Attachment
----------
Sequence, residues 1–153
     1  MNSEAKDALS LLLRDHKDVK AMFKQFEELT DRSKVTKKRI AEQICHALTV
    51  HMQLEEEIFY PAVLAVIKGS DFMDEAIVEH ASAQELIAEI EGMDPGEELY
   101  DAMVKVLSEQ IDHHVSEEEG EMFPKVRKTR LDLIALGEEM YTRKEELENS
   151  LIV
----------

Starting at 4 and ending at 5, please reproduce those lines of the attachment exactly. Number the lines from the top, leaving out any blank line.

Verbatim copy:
   101  DAMVKVLSEQ IDHHVSEEEG EMFPKVRKTR LDLIALGEEM YTRKEELENS
   151  LIV